Eleven emerging digital and social influencers stepped into the spotlight yesterday at the Optus Future Makers event to pitch their innovative ideas to a panel of experts. The innovators had just 180 seconds each to secure their share of the $300,000 funding pot and seven walked away with enough financial backing to bring their bold ideas to life.
The inaugural Optus Future Makers program, launched earlier this year, is designed to foster digital innovation that has the ability to change the social landscape. Prominent names across technology, innovation and social change – including Global Social Entrepreneur, Geoff Gourley, and Group Founder of Thankyou, Daniel Flynn – joined forces to form the experienced judging panel.
After a tense pitching process in front of an audience at the Optus Campus in Sydney, just seven of the 11 finalists were crowned this year’s Future Makers, and awarded $50,000 grants.
The Future Makers Winners were:
- Colin Jowell, Parramatta, Sydney – ‘Guide Dots’ enables young people with vision impairment to independently discover the world around them and to engage with their social environment just like their sighted friends and peers.
- Penny Harnett, Newcastle, NSW – ‘iWareness’ app will provide information to young people of both genders to help them recognise, respond to and change attitudes towards domestic violence.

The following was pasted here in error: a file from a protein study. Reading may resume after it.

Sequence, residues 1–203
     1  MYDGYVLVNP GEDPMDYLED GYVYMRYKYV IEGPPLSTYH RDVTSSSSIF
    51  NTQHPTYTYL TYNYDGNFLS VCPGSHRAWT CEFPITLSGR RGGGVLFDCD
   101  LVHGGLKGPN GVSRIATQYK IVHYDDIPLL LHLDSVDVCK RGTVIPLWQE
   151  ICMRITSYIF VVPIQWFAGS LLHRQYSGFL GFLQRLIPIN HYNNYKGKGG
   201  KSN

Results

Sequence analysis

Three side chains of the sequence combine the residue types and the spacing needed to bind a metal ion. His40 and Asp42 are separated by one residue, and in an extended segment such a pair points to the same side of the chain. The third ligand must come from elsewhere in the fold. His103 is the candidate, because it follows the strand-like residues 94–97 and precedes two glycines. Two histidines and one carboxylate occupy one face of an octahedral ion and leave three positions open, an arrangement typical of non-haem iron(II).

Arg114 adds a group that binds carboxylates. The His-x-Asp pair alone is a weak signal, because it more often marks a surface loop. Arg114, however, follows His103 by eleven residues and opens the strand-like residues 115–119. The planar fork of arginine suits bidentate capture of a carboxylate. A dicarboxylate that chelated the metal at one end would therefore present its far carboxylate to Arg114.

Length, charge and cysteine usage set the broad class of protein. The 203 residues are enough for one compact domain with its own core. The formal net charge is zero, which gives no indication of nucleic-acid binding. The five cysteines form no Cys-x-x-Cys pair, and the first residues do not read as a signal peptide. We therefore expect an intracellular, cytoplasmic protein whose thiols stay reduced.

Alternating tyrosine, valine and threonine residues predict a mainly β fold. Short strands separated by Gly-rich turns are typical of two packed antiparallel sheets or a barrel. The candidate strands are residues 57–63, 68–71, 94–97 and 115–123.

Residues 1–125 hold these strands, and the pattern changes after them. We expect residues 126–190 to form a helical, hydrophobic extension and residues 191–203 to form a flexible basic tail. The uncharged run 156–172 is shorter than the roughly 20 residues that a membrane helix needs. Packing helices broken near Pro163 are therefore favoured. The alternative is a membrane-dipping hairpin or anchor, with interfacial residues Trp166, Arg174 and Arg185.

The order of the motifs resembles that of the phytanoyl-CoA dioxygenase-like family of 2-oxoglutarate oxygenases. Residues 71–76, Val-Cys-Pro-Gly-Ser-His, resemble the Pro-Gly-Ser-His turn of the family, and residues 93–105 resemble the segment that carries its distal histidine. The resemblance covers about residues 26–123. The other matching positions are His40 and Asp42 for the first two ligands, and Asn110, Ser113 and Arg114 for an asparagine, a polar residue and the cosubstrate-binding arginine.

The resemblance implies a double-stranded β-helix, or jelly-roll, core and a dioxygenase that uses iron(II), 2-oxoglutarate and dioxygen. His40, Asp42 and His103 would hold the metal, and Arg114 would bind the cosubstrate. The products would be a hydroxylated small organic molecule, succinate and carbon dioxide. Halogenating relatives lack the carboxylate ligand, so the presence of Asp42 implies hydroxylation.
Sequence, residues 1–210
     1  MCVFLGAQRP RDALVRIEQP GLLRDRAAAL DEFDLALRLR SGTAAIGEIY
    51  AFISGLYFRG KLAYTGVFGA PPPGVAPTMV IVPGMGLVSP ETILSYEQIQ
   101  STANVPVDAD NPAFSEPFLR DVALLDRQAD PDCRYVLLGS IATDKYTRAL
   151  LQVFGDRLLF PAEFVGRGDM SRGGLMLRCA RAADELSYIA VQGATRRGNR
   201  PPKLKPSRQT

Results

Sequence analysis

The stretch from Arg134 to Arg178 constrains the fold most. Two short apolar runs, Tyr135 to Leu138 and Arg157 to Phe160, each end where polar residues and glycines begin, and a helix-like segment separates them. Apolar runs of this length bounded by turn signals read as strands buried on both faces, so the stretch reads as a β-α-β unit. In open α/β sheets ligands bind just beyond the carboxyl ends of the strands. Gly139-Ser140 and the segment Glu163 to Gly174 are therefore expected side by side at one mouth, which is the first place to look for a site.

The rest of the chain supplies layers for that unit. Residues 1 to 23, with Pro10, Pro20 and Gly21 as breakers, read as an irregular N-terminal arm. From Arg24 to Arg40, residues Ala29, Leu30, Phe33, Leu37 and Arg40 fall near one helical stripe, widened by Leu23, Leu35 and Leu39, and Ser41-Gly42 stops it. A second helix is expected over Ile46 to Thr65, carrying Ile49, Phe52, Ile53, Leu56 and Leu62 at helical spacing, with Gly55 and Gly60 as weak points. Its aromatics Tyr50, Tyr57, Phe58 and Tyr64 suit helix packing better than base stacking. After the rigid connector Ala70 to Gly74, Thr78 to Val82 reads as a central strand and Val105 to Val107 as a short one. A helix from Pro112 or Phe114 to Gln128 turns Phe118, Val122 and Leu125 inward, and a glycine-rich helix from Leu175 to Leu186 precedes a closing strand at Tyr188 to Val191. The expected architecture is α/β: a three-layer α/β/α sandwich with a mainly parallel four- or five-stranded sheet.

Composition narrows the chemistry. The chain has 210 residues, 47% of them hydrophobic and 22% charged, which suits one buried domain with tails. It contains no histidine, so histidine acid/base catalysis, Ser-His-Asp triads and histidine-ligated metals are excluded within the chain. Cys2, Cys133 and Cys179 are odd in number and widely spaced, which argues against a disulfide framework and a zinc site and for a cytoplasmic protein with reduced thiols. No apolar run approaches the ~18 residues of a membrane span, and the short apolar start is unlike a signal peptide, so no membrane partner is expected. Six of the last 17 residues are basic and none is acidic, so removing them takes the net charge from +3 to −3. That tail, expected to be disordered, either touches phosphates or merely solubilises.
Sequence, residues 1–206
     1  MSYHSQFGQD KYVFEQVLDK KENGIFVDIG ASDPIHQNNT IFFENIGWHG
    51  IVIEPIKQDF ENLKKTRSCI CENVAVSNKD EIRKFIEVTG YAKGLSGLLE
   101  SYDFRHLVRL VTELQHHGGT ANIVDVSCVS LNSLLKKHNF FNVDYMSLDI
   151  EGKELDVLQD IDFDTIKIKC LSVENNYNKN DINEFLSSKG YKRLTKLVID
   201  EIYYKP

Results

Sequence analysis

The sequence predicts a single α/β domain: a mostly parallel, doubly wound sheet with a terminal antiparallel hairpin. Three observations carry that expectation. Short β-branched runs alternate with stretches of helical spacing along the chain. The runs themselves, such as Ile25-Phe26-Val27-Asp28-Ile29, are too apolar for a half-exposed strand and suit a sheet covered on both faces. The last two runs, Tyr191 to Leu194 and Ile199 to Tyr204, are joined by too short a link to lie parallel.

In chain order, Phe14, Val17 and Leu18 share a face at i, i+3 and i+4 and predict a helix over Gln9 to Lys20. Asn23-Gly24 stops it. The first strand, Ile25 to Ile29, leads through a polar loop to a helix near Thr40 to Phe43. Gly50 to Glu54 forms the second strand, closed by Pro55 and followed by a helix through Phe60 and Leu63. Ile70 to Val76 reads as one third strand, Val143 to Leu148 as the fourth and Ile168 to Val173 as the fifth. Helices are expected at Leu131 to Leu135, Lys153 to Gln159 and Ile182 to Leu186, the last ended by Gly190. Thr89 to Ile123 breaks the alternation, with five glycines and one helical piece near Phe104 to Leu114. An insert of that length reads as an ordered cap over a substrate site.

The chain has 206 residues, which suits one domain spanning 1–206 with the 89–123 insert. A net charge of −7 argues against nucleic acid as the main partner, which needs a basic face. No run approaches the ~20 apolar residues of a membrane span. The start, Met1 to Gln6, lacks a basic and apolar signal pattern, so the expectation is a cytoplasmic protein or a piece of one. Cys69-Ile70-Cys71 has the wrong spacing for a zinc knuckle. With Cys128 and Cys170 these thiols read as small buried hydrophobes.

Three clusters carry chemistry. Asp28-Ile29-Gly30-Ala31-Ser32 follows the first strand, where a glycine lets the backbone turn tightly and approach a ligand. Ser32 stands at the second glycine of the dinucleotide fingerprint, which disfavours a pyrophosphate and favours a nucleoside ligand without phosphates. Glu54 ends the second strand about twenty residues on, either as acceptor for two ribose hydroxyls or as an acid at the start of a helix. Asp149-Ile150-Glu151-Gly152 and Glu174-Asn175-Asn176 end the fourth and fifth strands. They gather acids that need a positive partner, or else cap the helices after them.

- Marita Cheng, Richmond, Melbourne – ‘Teleport’ an affordable and beautiful telepresence robot which allows young people with a spinal cord injury or debilitating disease to attend school or participate in the workforce by working remotely.
- Marina Paronetto, Middle Park, Melbourne – ‘Biz’ is a peertopeer mobile app designed to give teenage girls of all backgrounds an equal opportunity to learn about business and enhance their confidence, skill set and employability.
- Dr Rowan Tulloch, Rozelle, Sydney – ‘The Game Change’ software helps university and school teachers gamify their classrooms to better engage and motivate students. It also assists students who are marginalised by traditional teaching practices.
Following a unanimous decision by the judging panel, two finalists who pitched separately
were offered $50,000 funding to share if they agreed to collaborate and bring their ideas to
life as a single innovation:
- Brian Collyer, Milton, Brisbane – The ‘Wellbeing Coach’ app/web portal gives young people’s access to information and resources and uses technology to enhance communication in the counsellorclient relationship.
- Rhianon Vichta, Fortitude Valley, Brisbane – ‘New Futures for Young People’ is an accessible and integrated online platform that promotes and measures beneficial wellbeing outcomes for vulnerable young people.
Paul O’Sullivan, Future Makers Judge and Optus Chairman, said, “this program is about
helping Australia’s innovators to make a positive social impact through the use of technology.
We know how important technology is in people’s daily lives, and with Future Makers we are
specifically targeting projects that will benefit marginalised and vulnerable youth.”